“Watching Russ, I always knew there was a different level of intensity at the high school level and he always told me get bigger, get stronger, get ready to take a hit. I just came in knowing my role and played the part I had to in most games to be able to compete on the varsity level. At first I was nervous but I had a great group of guys around me and they took me under their wing immediately,” said Lindsay, who recently committed to Rowan University to continue his education and soccer career. “I always had to live up to the reputation of my brother, and he always had the reputation of being that guy who could rise to the moment in big games. Just watching him and the way he was able to respond in those moments, I really just took that in and used that to my advantage and implemented that into everything I do. The biggest thing is you need that team camaraderie, you need that brotherhood. You need everyone to be on the same page and you need to all be clicking at the same time, and when you can get that you can be something special.”
Lindsay has been something special since his first day in a Red Raiders uniform, and it’s not difficult to get coach Bogushefsky to talk about his star player.
“We play a specific way and a lot of guys (on other teams) who have a ton of goals are just turn-and-burn type of guys; John has so many more skills than that. He’s so dynamic on the ball. I remember thinking when I was a senior in high school that I was at the top of my game and nobody could touch me, I knew what I was doing and I was super confident. I look at him and it’s that to a greater degree. He’s fun to watch right now. I’m not going to say he’s untouchable or he’s the best there ever was, but he’s definitely at the top of his game and you can see that confidence show through,” Bogushefsky said. “He is multi-faceted and I can play him in any position. We played Williamstown and they have really good defense, so he was having a hard time finding the net. But it was him who caused the play that allowed Jon Leap to score — a junior who had only scored one goal this year prior to that. So, he’s able to facilitate, too. He leads the team in goals but also in assists, so he’s really been a playmaker for us. If I put him anywhere he can get the job done and he can be elite at any position he wants.”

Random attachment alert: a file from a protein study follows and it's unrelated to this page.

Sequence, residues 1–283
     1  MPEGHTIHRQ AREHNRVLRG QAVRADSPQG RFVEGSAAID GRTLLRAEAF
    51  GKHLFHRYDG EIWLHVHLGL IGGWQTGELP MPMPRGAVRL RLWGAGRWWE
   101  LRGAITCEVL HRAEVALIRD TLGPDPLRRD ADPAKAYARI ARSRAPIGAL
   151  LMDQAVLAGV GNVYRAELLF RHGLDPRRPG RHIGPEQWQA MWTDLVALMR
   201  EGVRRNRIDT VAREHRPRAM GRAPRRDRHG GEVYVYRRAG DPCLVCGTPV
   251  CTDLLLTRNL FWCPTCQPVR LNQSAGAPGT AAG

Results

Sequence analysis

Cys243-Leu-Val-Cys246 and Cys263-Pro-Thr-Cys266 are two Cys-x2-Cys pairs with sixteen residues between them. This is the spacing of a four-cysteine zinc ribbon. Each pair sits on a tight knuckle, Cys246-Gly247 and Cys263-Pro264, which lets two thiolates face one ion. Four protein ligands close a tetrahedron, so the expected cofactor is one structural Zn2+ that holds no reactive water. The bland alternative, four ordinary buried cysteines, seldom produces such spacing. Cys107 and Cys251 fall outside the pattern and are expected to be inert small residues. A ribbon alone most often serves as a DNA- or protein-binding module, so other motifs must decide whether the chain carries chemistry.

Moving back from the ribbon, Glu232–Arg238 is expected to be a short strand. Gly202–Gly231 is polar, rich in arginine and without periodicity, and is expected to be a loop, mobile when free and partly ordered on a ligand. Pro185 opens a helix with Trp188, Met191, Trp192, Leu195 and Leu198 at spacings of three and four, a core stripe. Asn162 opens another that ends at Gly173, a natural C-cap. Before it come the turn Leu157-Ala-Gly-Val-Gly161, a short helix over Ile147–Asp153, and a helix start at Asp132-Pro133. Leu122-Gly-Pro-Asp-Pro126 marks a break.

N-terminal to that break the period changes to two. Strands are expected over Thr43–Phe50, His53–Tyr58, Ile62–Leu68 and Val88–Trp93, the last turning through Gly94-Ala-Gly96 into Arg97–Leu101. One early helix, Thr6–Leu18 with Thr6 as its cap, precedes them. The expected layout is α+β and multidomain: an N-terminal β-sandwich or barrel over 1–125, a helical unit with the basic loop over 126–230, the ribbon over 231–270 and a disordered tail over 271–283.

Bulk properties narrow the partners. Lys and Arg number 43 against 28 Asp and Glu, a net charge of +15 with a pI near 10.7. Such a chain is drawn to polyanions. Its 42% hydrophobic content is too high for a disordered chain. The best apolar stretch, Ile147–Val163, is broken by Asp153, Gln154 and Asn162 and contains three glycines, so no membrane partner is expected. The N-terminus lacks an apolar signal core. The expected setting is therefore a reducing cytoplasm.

Earning the captain’s band is a big deal in high school soccer, and Lindsay said he doesn’t take that responsibility lightly.